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Marin Cruz Smith

Autor(a) de Gorky Park

41+ Works 17,084 Membros 421 Críticas 64 Favorited

About the Author

Martin Cruz Smith is a writer of suspense novels. He was born in Reading, Pennsylvania, on November 3, 1942 but grew up in New Mexico and the Philadelphia area. Smith earned a B.A. from the University of Pennsylvania. Smith worked for local television stations, newspapers, and the Associated Press. mostrar mais His early work was published under the names Simon Quinn, Jake Logan, and Martin Smith. Smith is best known for a series of suspense/thrillers featuring Investigator Arkady Renko. The first of these books, Gorky Park, was published in 1981 and adapted as a film starring William Hurt and Lee Marvin two years later. An earlier film of his work, Nightwing, directed by Arthur Hiller, was released in 1979. Smith is a member of the Authors League of America and the Authors Guild. In 2013 his title Tatiana made The New York Times Best Seller List. The Girl from Venice also became a bestseller. (Bowker Author Biography) mostrar menos
Disambiguation Notice:

(eng) Martin Cruz Smith has written under the pseudonyms Simon Quinn, Martin Quinn, Jake Logan, and Martin Smith (his real name).

Image credit: Photograph by Menuez Pictures


Obras por Marin Cruz Smith

Gorky Park (1981) 3,776 exemplares
Polar Star (1989) 1,844 exemplares
Red Square (1992) 1,522 exemplares
Havana Bay (1999) 1,488 exemplares
Arkadi Renko (2004) 1,335 exemplares
Stalin's Ghost (2007) 1,216 exemplares
Rose (1996) 1,022 exemplares
December 6 (2002) 1,011 exemplares
Three Stations (2010) 881 exemplares
Stallion Gate (1986) 622 exemplares
Tatiana (2013) 570 exemplares
The Girl from Venice (2016) 482 exemplares
Nightwing (1977) 423 exemplares
The Siberian Dilemma (2019) 253 exemplares
Canto for a Gypsy (1997) 149 exemplares
Gypsy in Amber (1971) 148 exemplares
Independence Square (2023) 111 exemplares
The Indians Won (1970) 66 exemplares
The Analog Bullet (1978) 38 exemplares
Gorky Park / Nightwing (1988) 37 exemplares
Polar Star / Rose (1989) 21 exemplares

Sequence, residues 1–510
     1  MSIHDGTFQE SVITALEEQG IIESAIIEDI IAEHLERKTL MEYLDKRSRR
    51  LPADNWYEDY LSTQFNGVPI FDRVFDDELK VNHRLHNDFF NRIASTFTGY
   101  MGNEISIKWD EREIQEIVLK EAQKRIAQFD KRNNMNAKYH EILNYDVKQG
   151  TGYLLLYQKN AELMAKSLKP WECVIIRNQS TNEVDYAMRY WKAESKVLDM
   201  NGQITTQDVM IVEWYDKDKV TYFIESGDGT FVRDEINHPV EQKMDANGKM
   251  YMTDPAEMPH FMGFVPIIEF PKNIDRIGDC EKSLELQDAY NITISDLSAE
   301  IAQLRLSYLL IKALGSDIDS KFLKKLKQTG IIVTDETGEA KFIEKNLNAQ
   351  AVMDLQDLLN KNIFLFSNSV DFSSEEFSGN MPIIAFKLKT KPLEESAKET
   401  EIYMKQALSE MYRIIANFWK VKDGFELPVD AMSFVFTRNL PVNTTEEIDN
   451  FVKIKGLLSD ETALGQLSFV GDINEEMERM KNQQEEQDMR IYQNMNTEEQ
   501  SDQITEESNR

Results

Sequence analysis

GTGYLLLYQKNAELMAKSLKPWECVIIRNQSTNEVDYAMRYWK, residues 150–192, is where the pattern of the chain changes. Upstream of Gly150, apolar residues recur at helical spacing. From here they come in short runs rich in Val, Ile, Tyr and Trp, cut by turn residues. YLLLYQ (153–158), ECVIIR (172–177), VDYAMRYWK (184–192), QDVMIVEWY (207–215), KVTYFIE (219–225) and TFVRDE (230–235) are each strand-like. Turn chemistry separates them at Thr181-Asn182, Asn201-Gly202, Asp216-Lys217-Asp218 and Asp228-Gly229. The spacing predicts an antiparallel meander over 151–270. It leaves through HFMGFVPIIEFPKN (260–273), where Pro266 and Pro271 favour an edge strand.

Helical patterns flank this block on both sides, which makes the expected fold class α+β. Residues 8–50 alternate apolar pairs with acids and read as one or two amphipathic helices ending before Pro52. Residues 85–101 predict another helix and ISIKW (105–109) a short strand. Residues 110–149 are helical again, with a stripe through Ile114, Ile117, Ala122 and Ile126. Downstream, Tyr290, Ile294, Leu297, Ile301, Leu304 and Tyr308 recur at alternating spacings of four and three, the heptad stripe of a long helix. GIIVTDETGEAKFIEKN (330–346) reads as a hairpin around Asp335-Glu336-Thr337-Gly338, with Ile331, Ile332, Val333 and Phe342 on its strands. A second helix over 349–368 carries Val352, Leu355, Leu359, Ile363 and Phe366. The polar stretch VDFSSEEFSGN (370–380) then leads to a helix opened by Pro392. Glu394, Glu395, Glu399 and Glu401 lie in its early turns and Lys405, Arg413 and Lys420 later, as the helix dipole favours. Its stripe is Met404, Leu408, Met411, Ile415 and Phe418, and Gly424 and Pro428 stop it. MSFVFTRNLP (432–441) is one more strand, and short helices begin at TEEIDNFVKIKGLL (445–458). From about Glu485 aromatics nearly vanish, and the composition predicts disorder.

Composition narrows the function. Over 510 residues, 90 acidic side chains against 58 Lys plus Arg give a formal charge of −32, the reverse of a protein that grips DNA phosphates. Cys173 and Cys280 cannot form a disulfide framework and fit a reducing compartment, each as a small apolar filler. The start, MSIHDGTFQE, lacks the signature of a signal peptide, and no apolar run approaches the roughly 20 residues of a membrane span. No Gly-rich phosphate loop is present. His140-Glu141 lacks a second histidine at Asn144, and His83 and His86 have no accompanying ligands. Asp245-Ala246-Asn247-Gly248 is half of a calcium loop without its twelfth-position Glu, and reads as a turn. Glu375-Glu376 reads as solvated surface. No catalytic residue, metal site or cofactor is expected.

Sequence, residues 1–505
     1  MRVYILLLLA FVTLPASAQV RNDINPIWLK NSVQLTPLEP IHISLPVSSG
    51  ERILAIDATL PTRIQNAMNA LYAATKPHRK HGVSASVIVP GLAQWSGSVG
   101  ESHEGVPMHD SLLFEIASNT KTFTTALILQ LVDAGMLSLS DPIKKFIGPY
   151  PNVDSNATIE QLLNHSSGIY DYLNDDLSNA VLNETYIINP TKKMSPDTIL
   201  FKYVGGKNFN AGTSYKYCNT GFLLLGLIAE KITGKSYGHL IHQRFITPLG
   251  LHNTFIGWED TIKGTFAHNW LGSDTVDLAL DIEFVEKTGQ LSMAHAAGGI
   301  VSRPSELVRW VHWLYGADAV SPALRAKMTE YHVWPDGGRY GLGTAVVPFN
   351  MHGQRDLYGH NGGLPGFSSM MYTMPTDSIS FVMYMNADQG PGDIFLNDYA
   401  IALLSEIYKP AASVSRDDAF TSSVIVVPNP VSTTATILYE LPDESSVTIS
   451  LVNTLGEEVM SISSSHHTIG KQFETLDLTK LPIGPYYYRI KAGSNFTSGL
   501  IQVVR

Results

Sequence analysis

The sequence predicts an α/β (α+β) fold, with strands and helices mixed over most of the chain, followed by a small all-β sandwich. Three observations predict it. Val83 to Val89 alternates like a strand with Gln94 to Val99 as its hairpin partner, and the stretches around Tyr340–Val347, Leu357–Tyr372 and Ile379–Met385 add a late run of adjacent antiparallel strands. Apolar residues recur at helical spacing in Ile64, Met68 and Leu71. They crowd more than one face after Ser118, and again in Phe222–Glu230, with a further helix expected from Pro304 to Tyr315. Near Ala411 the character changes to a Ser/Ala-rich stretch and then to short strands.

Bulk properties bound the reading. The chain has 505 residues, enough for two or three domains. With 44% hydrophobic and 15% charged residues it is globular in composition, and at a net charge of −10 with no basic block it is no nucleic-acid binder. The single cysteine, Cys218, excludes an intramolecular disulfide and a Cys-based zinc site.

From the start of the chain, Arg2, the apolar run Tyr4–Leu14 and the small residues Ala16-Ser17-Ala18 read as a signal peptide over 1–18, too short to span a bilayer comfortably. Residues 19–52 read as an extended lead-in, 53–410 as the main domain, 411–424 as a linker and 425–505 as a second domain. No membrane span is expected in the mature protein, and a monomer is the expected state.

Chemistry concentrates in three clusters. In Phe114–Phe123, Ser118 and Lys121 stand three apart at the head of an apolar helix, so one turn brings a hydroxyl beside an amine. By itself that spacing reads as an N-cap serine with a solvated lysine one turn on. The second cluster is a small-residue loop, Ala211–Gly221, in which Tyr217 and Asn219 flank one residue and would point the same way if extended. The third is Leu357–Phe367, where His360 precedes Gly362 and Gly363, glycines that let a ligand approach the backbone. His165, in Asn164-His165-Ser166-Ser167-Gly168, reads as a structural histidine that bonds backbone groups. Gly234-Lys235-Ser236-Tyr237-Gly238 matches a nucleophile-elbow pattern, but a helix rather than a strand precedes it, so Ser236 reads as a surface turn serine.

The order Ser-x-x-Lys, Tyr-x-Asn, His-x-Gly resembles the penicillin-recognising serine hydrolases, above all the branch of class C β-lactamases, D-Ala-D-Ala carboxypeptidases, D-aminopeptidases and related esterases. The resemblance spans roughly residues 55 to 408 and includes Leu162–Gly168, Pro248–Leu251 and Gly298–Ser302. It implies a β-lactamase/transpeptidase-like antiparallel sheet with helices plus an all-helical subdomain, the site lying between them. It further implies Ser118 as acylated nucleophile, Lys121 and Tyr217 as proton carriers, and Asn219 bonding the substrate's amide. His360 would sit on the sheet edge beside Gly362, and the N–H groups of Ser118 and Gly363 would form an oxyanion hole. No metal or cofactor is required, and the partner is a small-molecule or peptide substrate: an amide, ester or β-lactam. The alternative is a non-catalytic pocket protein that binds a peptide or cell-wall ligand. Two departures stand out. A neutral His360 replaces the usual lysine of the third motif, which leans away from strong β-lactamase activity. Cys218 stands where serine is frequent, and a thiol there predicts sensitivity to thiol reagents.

Red Square/Gypsy in Amber (1900) 18 exemplares
Nightwing and Stallion Gate (2001) 5 exemplares
Independence Square (2023) 4 exemplares
Dilema Siberiano (O) 2 exemplares
Park Gorkega 1 exemplar
Enigma siberiano 1 exemplar

Associated Works


Conhecimento Comum

Nome canónico
Smith, Marin Cruz
Nome legal
Smith, Martin William
Outros nomes
Quinn, Simon
Logan, Jake
Smith, Martin
Carter, Nick
Data de nascimento
Local de nascimento
Reading, Pennsylvania, USA
Locais de residência
Reading, Pennsylvania, USA
San Rafael, California, USA
University of Pennsylvania (BA | Creative Writing | 1964)
Prémios e menções honrosas
Crime Writers' Association, Golden Dagger Award (1991)
International Association of Crime Writers, Hammett Prize (1999 ∙ 1996)
Piemonte Grinzane Noir Prize (2008)
Nota de desambiguação
Martin Cruz Smith has written under the pseudonyms Simon Quinn, Martin Quinn, Jake Logan, and Martin Smith (his real name).



JULY READ - SPOILERS - Gorky Park em The Green Dragon (Julho 2013)
JULY READ - NO SPOILERS - Gorky Park em Book talk (Julho 2013)


It happens again and again, it seems to happen to all of the masters of their craft Azimov, LeCarre, Herbert, Penny, and now Martin Cruz Smith. Trading on a brand, without producing a novel worthy of that brand. I highly recommend his earlier works, give these later works a pass.
JohnChic | 16 outras críticas | Feb 17, 2024 |
Brought Russia to life. The investigation of some murders but also about coping with life on a totalitarian state. Made contemporary by having the Ukraine as a pivotal setting.
waldhaus1 | 13 outras críticas | Jan 26, 2024 |
A fast-paced, well-written novel set in and around Los Alamos, New Mexico in the final preparations before Trinity, the first successful test of the atomic bomb. Real-life figures Oppenheimer, Groves, Gold and Fuchs are mixed in with many fictional characters, the lead being Army Sergeant Joe Peña. The author makes Joe do a lot of heavy lifting: he's Native American and grew up in the area so can serve as a liaison between the Army and the local Native communities, and taught a teenage Oppenheimer how to ride horses. Joe's also a former professional boxer, a jazz pianist, son of a renowned Native potter, and attracts officer's wives to his bed like moths to a flame. This makes him a perfect candidate to be an informer for the head of security at the installation who wants Oppenheimer to revealed as a Soviet spy at all costs.
There's some beautiful writing here in descriptions of the landscape and weather, some great fight scenes and depictions of the Native communities and their suspicion that having the Army and Los Alamos as a neighbor may not be the best thing for their long-term viability. Joe's being caught between two worlds provides enough conflict to make the book exciting without the added villainy of the security chief. While Joe is a great character, he gets placed at every pivotal scene to the point that it strains credibility. The book's ending is thrilling but somehow unsatisfying.
… (mais)
RobertOK | 12 outras críticas | Jan 14, 2024 |
The story follows an elderly Arkady Renko who is traveling all over the Crimean and Ukraine just before the Russian invasion of Ukraine. He is searching for a disappeared girl, and trying to solve a number of political murders on people involved with the opposition.
A well written, relatively simple little story, the kind a master storyteller may write late in her career. Excellent writing and worldbuilding, but very little complexity in plot and storyline.
In that way it reminds me of Agents running in the field, John le Carres penultimate outing.… (mais)
amberwitch | 13 outras críticas | Dec 26, 2023 |



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